by Shanmitha Arun 1L
Wed Feb 21, 2018 8:41 pm
Forum: Galvanic/Voltaic Cells, Calculating Standard Cell Potentials, Cell Diagrams
Topic: Electrochem Exam
Replies: 3
Views: 116

Re: Electrochem Exam

The tests would explicitly say what you need to find and will be really clear.
by Shanmitha Arun 1L
Wed Feb 21, 2018 8:33 pm
Forum: Appications of the Nernst Equation (e.g., Concentration Cells, Non-Standard Cell Potentials, Calculating Equilibrium Constants and pH)
Topic: K sig figs
Replies: 4
Views: 171

Re: K sig figs

I believe sig figs should not matter too much this quarter but just use the smallest number given in the problem.
by Shanmitha Arun 1L
Wed Feb 21, 2018 8:32 pm
Forum: Balancing Redox Reactions
Topic: Acidic or basic?
Replies: 2
Views: 109

Re: Acidic or basic?

Most likely, it will be given so you don't need to worry about it. However, it can be determined by looking at the equation and whether it has H+ or OH- in it.
by Shanmitha Arun 1L
Wed Feb 07, 2018 5:38 pm
Forum: Calculating Work of Expansion
Topic: Irreversible expansion
Replies: 4
Views: 137

Re: Irreversible expansion

Simply put, it matters when P and T are constant. Based on that, certain equations are used.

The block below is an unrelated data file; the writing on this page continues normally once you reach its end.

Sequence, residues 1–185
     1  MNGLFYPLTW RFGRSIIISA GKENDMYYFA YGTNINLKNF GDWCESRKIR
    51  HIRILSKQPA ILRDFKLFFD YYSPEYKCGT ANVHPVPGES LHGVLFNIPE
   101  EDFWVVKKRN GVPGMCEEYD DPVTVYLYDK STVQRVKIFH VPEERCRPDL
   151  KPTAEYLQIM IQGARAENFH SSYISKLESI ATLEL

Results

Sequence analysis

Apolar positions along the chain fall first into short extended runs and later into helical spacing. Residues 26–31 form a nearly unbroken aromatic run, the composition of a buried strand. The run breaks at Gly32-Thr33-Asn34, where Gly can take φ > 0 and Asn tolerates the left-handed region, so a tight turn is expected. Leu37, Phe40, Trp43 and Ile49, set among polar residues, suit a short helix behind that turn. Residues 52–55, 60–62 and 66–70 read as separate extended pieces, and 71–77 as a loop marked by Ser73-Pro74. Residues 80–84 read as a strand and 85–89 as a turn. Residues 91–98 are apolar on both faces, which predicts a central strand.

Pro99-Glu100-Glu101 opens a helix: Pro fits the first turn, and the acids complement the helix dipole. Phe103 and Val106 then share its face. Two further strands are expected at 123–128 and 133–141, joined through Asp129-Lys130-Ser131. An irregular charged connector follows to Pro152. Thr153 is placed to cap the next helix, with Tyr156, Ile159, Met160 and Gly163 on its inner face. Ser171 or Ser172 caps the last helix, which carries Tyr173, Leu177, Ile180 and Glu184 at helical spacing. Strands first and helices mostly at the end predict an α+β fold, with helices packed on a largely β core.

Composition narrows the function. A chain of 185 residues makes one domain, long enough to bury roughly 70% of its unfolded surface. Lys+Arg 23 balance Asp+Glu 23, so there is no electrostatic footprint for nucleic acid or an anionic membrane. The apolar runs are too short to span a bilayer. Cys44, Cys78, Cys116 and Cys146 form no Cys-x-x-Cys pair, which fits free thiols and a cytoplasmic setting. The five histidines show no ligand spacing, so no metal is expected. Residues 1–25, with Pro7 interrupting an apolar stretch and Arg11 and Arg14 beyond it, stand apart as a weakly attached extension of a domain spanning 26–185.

by Shanmitha Arun 1L
Wed Feb 07, 2018 5:37 pm
Forum: Calculating Work of Expansion
Topic: Integral [ENDORSED]
Replies: 4
Views: 171

Re: Integral [ENDORSED]

You do not need to know integrals and how to derive the functions. It is helpful to understand as a way to change equations around and understand it. Rather than memorizing different equations, you could calculate it yourself.
by Shanmitha Arun 1L
Wed Feb 07, 2018 5:36 pm
Forum: Calculating Work of Expansion
Topic: Work Equations [ENDORSED]
Replies: 9
Views: 337

Re: Work Equations [ENDORSED]

It's easiest to choose equations based on the problem. You can tell by what they give what equation to use. Also, as mentioned, it depends on whether it is reversible or irreversible.